The nightshade family is full of vegetables that we love to grow here at the farm. These include potatoes, tomatoes, eggplant and last but not least...peppers! The first pepper most people try is a sweet one: bell peppers. These garden jewels come in many colors including red, yellow, purple (pictured!), white and striped. Green bell peppers are actually the unripe version of any bell pepper, and have a slightly spicy character (without the fruitiness and sweetness of a red bell) that can add interest to dishes. Store bell peppers at room temperature or the warmest part of your refrigerator (if you store them at room temperature they’ll need to be used more quickly). Shishito peppers can also fit into this category. They are often picked green and have a lovely, sweet vegetal flavor with thin walls in a bite-sized package. One little known fact: shishitos have a unique genetic characteristic where a very small percentage can be spicy! It rarely happens but this fun trait is part of what makes them so interesting (and a good thing to know just in case).
Hot Hot Hot Peppers!
The heat from spicy peppers is caused by capsaicin, a naturally occurring compound that comes in varying concentrations depending on the type of pepper. Ripe hot peppers (which come in a rainbow of colors like red, orange, purple and yellow) will generally be spicier and fruitier tasting than their unripe green counterparts. Tip: The stem end of hot peppers tends to be the spiciest part while the tip is usually the mildest. When cooking with a hot pepper you’ve never used before it’s helpful to try a tiny piece to see how hot it is before adding it to a recipe. Mouth on fire? Keep some bread and milk on hand when pepper tasting to save your tongue from the burn. Store hot peppers at room temperature or the warmest part of your refrigerator (if you store them at room temperature they’ll need to be used more quickly). However you store hot peppers, it’s best to keep them in one layer to discourage spoiling. We’re growing a lot of hot peppers on the farm (including three different kinds of spicy jalapenos!). Check in with us to see which are the spiciest and which are best for fresh eating as a garnish.
Paprika is one of the most common kitchen spices and, you guessed it, is a pepper. There are a variety of peppers you can use for seasoning dishes besides paprika, including aji dulces and other no heat habaneros. A few new varieties of these that we're growing this season include roulette and numex suave, both of which have fantastic flavor and very little to no heat. Here on the farm we grow paprika peppers for fresh use and also dry them for year round flavor.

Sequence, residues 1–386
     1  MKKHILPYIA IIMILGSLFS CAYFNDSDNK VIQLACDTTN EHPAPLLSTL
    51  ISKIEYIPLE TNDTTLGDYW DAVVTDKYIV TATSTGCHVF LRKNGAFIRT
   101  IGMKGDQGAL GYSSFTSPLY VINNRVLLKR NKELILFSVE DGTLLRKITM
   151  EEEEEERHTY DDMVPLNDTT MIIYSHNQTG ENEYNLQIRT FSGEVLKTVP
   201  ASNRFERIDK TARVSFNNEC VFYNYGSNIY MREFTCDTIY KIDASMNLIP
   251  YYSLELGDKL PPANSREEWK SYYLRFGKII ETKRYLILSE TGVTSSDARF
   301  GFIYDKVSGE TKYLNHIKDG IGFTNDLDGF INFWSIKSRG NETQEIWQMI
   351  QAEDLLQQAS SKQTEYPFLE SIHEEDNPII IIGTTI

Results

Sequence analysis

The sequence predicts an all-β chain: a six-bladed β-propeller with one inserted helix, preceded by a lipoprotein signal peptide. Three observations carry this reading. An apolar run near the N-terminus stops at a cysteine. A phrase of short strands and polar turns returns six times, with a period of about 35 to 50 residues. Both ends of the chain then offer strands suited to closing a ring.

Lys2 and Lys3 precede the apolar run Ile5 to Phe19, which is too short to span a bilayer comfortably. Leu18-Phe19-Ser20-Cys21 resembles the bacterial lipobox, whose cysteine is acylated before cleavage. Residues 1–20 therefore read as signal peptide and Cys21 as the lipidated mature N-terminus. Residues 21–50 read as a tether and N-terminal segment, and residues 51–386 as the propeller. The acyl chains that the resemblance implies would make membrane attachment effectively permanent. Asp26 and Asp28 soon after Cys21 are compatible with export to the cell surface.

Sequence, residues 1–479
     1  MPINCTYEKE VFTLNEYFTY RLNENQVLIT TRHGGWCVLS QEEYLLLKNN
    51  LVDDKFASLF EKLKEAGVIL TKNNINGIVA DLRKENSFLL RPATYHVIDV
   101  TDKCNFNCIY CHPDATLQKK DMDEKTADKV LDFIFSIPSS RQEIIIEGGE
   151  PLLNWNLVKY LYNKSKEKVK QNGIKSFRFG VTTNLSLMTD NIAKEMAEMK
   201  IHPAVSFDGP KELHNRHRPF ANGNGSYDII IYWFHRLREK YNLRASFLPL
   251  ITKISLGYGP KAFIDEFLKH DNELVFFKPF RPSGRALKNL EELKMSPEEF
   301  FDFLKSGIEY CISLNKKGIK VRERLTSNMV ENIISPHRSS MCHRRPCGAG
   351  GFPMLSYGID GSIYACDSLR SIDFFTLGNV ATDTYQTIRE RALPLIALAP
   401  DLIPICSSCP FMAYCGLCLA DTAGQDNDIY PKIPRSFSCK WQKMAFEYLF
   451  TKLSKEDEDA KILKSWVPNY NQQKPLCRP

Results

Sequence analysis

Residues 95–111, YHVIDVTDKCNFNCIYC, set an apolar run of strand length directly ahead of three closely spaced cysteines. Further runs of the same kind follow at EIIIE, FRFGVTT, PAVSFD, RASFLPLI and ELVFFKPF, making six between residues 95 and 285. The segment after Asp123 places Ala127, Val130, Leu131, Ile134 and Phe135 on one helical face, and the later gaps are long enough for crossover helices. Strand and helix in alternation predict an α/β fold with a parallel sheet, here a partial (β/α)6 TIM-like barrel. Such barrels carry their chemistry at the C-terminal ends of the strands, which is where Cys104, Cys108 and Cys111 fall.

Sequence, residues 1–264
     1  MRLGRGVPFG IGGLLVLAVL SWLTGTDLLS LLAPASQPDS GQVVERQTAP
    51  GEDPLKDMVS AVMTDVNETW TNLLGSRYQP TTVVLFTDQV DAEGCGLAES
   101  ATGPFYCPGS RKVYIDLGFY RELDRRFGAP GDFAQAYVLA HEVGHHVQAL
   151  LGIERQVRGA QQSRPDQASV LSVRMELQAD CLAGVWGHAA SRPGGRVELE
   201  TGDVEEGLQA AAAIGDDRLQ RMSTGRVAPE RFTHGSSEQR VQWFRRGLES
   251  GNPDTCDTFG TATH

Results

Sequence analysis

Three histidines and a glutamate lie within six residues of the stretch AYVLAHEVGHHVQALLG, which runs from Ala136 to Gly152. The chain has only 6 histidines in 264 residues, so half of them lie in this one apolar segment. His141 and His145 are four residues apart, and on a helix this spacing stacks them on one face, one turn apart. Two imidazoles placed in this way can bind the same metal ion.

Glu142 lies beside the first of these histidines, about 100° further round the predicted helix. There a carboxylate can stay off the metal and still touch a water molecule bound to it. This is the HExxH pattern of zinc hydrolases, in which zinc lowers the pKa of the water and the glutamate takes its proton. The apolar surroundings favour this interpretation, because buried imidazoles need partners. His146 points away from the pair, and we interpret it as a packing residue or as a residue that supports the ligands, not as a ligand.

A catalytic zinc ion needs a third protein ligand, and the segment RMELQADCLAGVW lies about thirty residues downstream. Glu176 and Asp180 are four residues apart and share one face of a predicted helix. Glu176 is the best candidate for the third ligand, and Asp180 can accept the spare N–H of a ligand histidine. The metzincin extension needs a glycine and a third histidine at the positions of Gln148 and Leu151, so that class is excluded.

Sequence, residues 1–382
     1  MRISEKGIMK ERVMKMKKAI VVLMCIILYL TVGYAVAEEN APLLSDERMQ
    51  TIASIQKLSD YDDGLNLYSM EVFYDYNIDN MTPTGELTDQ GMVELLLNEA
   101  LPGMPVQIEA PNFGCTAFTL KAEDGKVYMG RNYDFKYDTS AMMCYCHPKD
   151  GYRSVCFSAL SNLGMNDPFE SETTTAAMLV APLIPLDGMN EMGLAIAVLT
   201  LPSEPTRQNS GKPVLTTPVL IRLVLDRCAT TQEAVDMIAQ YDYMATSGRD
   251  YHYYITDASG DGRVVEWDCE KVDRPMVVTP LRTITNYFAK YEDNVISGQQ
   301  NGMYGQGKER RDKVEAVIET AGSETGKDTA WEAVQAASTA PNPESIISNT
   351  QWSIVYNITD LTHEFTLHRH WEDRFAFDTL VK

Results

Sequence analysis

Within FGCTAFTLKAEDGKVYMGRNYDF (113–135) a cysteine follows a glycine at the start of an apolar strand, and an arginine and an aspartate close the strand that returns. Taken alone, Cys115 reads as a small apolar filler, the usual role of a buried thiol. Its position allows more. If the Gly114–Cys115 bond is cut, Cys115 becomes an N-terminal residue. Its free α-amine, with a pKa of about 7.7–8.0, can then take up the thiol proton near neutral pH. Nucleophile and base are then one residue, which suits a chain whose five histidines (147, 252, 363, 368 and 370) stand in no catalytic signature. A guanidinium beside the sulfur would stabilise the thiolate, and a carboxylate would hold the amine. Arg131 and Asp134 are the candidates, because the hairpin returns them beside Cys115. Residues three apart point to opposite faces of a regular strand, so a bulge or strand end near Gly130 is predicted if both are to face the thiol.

Frying peppers are best for, you guessed it, frying! Many of these pepper varieties come from Italy where they’re fried in olive oil or sometimes butter until soft. The thinner walls of these peppers let you fry many of them whole or simply cut lengthwise, but julienning them is perfectly fine too. Frying peppers also shine on the grill where you can char their skins until their flesh is soft and smoky flavored. Cubanelles, Italian frying peppers and Jimmy Nardello peppers (pictured to the left!) are all delicious examples of these summertime beauties you’ll find in your shares from us! Store these on the counter for use within a few days or in the warmest part of your fridge for keeping a little longer.
Long Term Storage
Locally-grown peppers can still be enjoyed year round, it just means an extra step or two. The easiest way to enjoy peppers after the growing season is to dry them. Using a food dehydrator is best, but many peppers can be air-dried in ristras . To make a ristra you simply use a needle and thread to pierce thin walled peppers and string them together in a long chain. Then they are hung in a dry area until crispy to the touch. Once peppers are dried it’s best to store them in a clean mason jar at room temperature in a dark place. Also, don’t forget about hot sauce! There are many recipes for hot sauce, and most don’t involve much more than blending a few key ingredients and storing in a clean glass container (refrigerated). Just don’t forget to wear gloves if you’re process a lot of hot peppers! Lastly, pickled peppers are a long-time favorite and can range from spicy sweet sandwich relish to sour salty pepperoncini!